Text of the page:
# Rings of $S$-integers are finitely generated as rings

Let $$K$$ be a global field (number field or algebraic function field over a finite field), $$\mathcal{V}$$ the set of $$\mathbb{Z}$$-valuations on $$K$$, $$S \subseteq \mathcal{V}$$ a finite set. The ring of $$S$$-integers is the subring of $$K$$ defined as $$\mathcal{O}_S = \lbrace x \in K \mid \forall v \in \mathcal{V} \setminus S : v(x) \geq 0 \rbrace.$$ I am looking to puzzle together references for the following statement:

Let $$R$$ be a subring of $$K$$ such that $$K$$ is the fraction field or $$R$$. Then $$R$$ is finitely generated as a ring if and only if it is contained in some ring of $$S$$-integers.

A reference for the full statement would be amazing. I have been able to piece together pieces from different references, but the part which is generally missing is that $$\mathcal{O}_S$$ is actually finitely generated as a ring (equivalently, a $$\mathbb{Z}$$-algebra) for any choice of $$S$$.

Where should I look to find a reference for this statement? It feels like a statement from commutative algebra, but a minimal amount of number theory (respectively algebraic geometry) is needed to prove it, at least in the proofs I know of. On the other hand, there is no mention of the statement in any algebraic number theory books I consulted.

Alternatively, if someone has a very short proof, that is also very welcome. I need the statement for an article, but writing out all the details of the number theoretic proof would fall outside of the scope of the article.

• Does $S$ contain all archimedian valuations? – Mark Sapir Dec 6 '19 at 1:00
• I'm not sure "Archimedean valuation" makes sense. Archimedean norms on $K$ do not give rise to valuations. – YCor Dec 6 '19 at 1:52
• I am unsure why this question was downvoted. If there is anything I can do to improve upon it, please let me know. – Bib-lost Dec 6 '19 at 9:40
• Probably because it shows no work and it's just a reference request for an elementary statement. – John Samples Dec 6 '19 at 15:25
• Ok, I'll add some work. It's an elementary statement, I won't deny that. I've also tried quite some books already. – Bib-lost Dec 6 '19 at 23:11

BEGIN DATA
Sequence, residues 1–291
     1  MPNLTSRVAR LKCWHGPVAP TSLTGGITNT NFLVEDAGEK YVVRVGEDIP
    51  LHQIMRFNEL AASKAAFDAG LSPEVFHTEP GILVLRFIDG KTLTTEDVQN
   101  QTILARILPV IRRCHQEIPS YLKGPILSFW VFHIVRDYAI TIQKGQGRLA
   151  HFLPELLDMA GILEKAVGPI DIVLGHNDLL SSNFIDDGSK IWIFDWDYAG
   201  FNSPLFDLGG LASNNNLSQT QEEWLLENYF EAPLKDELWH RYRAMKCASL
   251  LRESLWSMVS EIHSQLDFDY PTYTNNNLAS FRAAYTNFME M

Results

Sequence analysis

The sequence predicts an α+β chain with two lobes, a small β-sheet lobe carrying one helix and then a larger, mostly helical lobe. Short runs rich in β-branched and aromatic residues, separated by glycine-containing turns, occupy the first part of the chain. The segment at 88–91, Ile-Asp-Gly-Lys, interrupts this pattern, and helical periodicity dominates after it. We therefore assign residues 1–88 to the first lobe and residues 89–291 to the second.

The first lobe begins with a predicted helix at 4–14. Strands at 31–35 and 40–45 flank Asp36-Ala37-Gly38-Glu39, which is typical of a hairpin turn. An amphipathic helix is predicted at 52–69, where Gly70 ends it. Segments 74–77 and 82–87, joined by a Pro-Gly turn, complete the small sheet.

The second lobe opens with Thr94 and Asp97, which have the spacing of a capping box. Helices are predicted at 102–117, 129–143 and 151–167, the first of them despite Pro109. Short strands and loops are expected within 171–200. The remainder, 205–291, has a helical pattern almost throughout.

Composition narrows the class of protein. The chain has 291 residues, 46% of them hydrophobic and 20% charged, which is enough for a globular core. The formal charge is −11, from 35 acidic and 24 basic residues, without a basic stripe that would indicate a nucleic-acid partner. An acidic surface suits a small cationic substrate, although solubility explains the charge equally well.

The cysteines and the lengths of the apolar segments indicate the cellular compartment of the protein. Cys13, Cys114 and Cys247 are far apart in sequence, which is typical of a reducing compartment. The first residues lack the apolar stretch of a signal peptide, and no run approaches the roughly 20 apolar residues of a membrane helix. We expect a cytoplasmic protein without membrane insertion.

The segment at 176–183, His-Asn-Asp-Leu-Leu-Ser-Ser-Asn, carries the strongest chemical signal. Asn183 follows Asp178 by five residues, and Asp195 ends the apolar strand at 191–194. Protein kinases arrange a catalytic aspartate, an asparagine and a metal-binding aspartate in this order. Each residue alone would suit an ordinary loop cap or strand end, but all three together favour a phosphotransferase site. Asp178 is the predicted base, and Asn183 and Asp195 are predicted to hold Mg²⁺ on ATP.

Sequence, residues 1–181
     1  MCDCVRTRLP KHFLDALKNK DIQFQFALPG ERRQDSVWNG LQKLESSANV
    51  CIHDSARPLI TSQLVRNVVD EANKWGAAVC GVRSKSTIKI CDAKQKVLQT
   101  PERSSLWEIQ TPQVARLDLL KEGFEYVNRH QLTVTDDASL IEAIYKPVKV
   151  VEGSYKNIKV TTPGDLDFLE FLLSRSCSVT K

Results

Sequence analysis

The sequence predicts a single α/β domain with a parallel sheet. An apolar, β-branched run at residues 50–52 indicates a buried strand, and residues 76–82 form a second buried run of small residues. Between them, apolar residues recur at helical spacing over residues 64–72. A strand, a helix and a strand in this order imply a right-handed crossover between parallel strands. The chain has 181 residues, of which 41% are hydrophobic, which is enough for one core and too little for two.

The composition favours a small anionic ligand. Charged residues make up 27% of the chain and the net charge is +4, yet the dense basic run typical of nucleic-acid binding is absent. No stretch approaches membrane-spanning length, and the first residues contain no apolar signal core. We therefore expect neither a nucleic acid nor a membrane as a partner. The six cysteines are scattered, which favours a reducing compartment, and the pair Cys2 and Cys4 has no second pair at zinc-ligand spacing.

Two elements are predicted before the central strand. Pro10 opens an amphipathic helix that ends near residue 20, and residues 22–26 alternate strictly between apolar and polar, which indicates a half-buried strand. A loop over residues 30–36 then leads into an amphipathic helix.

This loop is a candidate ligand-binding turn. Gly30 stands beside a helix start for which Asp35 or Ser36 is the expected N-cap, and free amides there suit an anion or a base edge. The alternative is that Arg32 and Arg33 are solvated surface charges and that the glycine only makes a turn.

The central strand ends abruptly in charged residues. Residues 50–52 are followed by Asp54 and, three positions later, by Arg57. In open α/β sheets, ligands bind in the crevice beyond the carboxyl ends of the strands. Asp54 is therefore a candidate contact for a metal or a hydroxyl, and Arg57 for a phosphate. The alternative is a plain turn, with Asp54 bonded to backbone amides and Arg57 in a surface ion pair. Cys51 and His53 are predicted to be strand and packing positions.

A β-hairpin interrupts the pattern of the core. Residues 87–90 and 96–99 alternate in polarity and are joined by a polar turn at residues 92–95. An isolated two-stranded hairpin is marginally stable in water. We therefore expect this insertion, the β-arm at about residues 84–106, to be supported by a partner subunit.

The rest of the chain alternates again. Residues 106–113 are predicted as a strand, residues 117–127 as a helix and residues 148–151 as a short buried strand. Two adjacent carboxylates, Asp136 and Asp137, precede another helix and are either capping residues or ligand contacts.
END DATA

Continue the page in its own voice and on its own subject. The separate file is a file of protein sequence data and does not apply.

$$\newcommand{\order}{\mathcal{O}} \newcommand{\Z}{\mathbb{Z}}$$Here is a short proof, assuming that the class group is torsion (a result for which you should easily find a reference).
First, $$\order = \order_\emptyset$$ is finitely generated as a $$\Z$$-module, hence also as a $$\Z$$-algebra; let $$a_1,\dots,a_k$$ be generators. In the function field case, pick $$v_0\in S$$; then $$\order_\emptyset = \order_{v_0}$$. For every valuation $$v\in S$$, with $$v\neq v_0$$ in the function field case, let $$x_v\in K$$ be such that $$v(x_v)<0$$ and $$w(x_v)=0$$ for all $$w\neq v$$ ($$w\neq v,v_0$$ in the function field case). Such an element exists: in the number field case since the class group is torsion, and in the function field case by Riemann-Roch.
Claim: $$X = \{a_1,\dots,a_k\}\cup \{x_v : v\in S\}$$ generates $$\order_S$$.
Proof: Let $$0\neq x\in \order_S$$. By definition of $$\order_S$$, $$x$$ can only have negative valuation for $$v\in S$$, so there exists a product $$y$$ of the $$x_v$$'s such that $$x/y$$ has nonnegative valuation everywhere (except possibly at $$v_0$$), hence belongs to $$\order$$. So $$x/y$$ is a polynomial in the $$a_i$$ and therefore $$x$$ is a polynomial in the elements of $$X$$.
• Thx; this is more or less the proof I had in mind in case $K$ is a number field, although I am still hoping to find a reference to replace it. If $K$ is a global function field, what is your $\mathcal{O}$? – Bib-lost Dec 6 '19 at 12:54
• I had in mind the case of number fields when I wrote the answer, but in any case $\mathcal{O} = \mathcal{O}_\emptyset$ so in the function field case it is the field of constants. – Aurel Dec 6 '19 at 13:19
• Careful there; the argument which you sketch certainly does not go through if $\mathcal{O}$ is the field of constants $F$, as then the valuations of $K$ are certainly not visible as ideals of $\mathcal{O}$. I am not saying that you need a fundamentally different argument for global function fields, but I fear you need to twist it a bit (e.g. use Strong Approximation Theorem to fix a transcendental $t$ which has negative valuation precisely at the primes of $S$, then taking the integral closure of $F[t]$, ...) – Bib-lost Dec 6 '19 at 13:40